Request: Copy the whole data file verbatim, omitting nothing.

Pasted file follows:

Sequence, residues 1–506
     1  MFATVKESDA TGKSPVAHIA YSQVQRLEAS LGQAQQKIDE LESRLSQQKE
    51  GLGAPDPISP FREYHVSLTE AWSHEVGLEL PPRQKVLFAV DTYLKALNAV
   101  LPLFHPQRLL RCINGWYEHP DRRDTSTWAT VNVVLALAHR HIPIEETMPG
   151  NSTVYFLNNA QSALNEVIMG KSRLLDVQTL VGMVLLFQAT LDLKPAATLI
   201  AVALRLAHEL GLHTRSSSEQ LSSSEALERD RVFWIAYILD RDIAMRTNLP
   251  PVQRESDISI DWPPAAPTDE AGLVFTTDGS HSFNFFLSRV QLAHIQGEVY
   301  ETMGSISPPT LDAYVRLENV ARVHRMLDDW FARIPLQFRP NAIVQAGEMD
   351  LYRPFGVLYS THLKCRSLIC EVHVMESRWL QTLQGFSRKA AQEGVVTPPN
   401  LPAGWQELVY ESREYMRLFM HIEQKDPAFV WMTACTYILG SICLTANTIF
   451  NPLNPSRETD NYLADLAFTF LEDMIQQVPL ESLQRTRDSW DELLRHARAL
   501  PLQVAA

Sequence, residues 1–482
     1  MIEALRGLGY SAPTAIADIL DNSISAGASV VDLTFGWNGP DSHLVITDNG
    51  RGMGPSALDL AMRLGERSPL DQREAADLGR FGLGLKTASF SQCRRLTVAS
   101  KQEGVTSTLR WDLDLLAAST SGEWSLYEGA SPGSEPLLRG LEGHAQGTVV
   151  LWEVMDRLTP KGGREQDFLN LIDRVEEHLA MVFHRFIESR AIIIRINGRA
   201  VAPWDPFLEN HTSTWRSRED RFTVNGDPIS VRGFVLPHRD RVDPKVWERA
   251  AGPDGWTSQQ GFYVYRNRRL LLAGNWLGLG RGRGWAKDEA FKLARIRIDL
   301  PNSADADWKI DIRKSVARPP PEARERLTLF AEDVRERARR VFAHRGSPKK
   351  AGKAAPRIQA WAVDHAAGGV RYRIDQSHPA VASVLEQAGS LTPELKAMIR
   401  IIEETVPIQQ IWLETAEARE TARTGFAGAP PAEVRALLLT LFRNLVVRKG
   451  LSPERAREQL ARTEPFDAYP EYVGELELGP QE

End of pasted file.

Sequence, residues 1–506
     1  MFATVKESDA TGKSPVAHIA YSQVQRLEAS LGQAQQKIDE LESRLSQQKE
    51  GLGAPDPISP FREYHVSLTE AWSHEVGLEL PPRQKVLFAV DTYLKALNAV
   101  LPLFHPQRLL RCINGWYEHP DRRDTSTWAT VNVVLALAHR HIPIEETMPG
   151  NSTVYFLNNA QSALNEVIMG KSRLLDVQTL VGMVLLFQAT LDLKPAATLI
   201  AVALRLAHEL GLHTRSSSEQ LSSSEALERD RVFWIAYILD RDIAMRTNLP
   251  PVQRESDISI DWPPAAPTDE AGLVFTTDGS HSFNFFLSRV QLAHIQGEVY
   301  ETMGSISPPT LDAYVRLENV ARVHRMLDDW FARIPLQFRP NAIVQAGEMD
   351  LYRPFGVLYS THLKCRSLIC EVHVMESRWL QTLQGFSRKA AQEGVVTPPN
   401  LPAGWQELVY ESREYMRLFM HIEQKDPAFV WMTACTYILG SICLTANTIF
   451  NPLNPSRETD NYLADLAFTF LEDMIQQVPL ESLQRTRDSW DELLRHARAL
   501  PLQVAA

Sequence, residues 1–482
     1  MIEALRGLGY SAPTAIADIL DNSISAGASV VDLTFGWNGP DSHLVITDNG
    51  RGMGPSALDL AMRLGERSPL DQREAADLGR FGLGLKTASF SQCRRLTVAS
   101  KQEGVTSTLR WDLDLLAAST SGEWSLYEGA SPGSEPLLRG LEGHAQGTVV
   151  LWEVMDRLTP KGGREQDFLN LIDRVEEHLA MVFHRFIESR AIIIRINGRA
   201  VAPWDPFLEN HTSTWRSRED RFTVNGDPIS VRGFVLPHRD RVDPKVWERA
   251  AGPDGWTSQQ GFYVYRNRRL LLAGNWLGLG RGRGWAKDEA FKLARIRIDL
   301  PNSADADWKI DIRKSVARPP PEARERLTLF AEDVRERARR VFAHRGSPKK
   351  AGKAAPRIQA WAVDHAAGGV RYRIDQSHPA VASVLEQAGS LTPELKAMIR
   401  IIEETVPIQQ IWLETAEARE TARTGFAGAP PAEVRALLLT LFRNLVVRKG
   451  LSPERAREQL ARTEPFDAYP EYVGELELGP QE